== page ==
IN EV' I TA BLY, surely; certainly.
ES PY' ING, Seeing; discovering.



1. ON a bright moonlight night, in the month of February, 1831, when it was intensely cold, the little brig which I commanded, lay quietly at her anchors, inside of Sandy Hook. We had had a hard time, beating about for eleven days off this coast, with cutting north-easters blowing, and snow and sleet falling for the most part of that time.

2. Forward, the vessel was thickly coated with ice, and it was hard work to handle her; as the rigging and sails were stiff, and yielded only when the strength of the men was exerted to the utmost. When we, at length, made the port, all hands were worn down and exhausted.

3. "A bitter cold night, Mr. Larkin," I said to my mate, as I tarried for a short time upon deck. The worthy downeaster buttoned his coat more tightly around him, and, looking up to the moon, replied, "It's a whistler, captain; and nothing can live comfortably out of blankets to-night."

4. "The tide is running out swift and strong, and it will be well to keep a sharp look-out for this floating ice, Mr. Larkin," said I, as I turned to go below. responded the faithful mate.

"Ay, ay, sir,"

5. About two hours afterward, I was aroused from a sound sleep by the vigilant officer. "Excuse me for disturbing you, captain," said he, as he detected an expression of vexation in my face, "but I wish you would turn out, and come on deck as soon as possible."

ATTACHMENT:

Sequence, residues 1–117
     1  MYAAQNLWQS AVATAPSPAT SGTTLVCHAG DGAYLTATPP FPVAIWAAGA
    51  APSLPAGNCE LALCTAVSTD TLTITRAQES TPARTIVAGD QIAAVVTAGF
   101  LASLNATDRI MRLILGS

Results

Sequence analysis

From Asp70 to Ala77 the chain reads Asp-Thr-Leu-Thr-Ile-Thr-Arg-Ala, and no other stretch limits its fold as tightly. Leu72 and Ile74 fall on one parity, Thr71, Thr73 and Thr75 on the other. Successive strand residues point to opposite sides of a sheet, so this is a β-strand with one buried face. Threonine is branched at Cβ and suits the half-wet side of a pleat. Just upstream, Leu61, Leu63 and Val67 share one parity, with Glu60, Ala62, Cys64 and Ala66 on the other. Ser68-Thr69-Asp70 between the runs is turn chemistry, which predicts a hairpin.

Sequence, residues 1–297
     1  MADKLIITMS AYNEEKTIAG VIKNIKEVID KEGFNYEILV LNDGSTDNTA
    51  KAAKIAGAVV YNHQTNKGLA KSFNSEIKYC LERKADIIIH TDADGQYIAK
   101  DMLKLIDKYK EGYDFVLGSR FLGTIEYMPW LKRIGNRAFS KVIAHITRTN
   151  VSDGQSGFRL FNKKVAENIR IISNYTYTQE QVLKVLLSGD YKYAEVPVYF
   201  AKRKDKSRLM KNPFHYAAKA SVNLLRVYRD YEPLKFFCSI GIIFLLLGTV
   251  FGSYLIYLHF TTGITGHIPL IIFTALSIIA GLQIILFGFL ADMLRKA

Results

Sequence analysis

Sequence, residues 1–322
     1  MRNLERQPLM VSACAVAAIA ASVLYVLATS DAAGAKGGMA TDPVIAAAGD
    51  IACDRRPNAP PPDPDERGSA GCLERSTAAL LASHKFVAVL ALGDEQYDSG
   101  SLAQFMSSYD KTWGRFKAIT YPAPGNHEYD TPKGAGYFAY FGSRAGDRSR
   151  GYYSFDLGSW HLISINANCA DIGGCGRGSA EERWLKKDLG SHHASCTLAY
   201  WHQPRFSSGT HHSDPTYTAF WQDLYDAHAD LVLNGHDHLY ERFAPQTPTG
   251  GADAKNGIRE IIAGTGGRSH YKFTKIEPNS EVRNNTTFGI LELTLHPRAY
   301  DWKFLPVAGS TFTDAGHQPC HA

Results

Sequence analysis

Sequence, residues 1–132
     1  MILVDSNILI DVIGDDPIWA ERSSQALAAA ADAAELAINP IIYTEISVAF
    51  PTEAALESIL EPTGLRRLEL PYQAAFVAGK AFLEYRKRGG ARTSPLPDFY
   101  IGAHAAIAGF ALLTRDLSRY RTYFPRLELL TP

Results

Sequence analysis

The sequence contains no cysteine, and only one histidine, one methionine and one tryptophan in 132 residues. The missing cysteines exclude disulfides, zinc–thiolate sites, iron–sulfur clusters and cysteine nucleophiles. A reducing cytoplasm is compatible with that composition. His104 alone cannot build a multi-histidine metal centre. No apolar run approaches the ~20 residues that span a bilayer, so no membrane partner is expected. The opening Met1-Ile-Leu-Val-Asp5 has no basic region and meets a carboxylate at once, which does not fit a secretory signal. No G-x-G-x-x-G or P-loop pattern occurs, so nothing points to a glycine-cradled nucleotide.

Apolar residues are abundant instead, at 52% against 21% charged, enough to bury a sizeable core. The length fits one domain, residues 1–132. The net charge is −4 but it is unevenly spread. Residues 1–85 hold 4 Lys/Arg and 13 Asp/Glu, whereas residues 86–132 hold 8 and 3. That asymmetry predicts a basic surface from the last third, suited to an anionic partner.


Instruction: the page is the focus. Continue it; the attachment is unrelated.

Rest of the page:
6. "What's the matter, Mr. Larkin," said I. "Why, sir, I have been watching a large cake of ice, which swept by at a distance, a moment ago; and I saw something black upon it,—something that I thought moved. The moon is under a cloud, and I could not see distinctly; but I believe there is a child floating out to the sea, this freezing night, on that cake of ice."

7. We were on deck before either spoke another word. The mate pointed out, with no little difficulty, the cake of ice floating off to the leeward, with its white, glittering surface broken by a black spot. "Get the glass, Mr. Larkin," said I; "the moon will be out of that cloud in a moment, and then we can see distinctly."

8. I kept my eye upon the receding mass of ice, while the moon was slowly working her way through a heavy bank of clouds. The mate stood by me with the glass; and when the full light fell upon the water with a brilliancy only known in our northern latitudes, I put the glass to my eye. One glance was enough.

9. (") "Forward, there!" I hailed at the top of my voice; and, with one bound, I reached the main hatch, and began to clear away the little cutter, which was stowed in the ship's yawl. Mr. Larkin had taken the glass to look for himself. "There are two children on that cake of ice!" he exclaimed, as he hastened to assist me in getting out the boat.

10. The men answered my hail, and walked quickly aft. In a short space of time, we launched the cutter, into which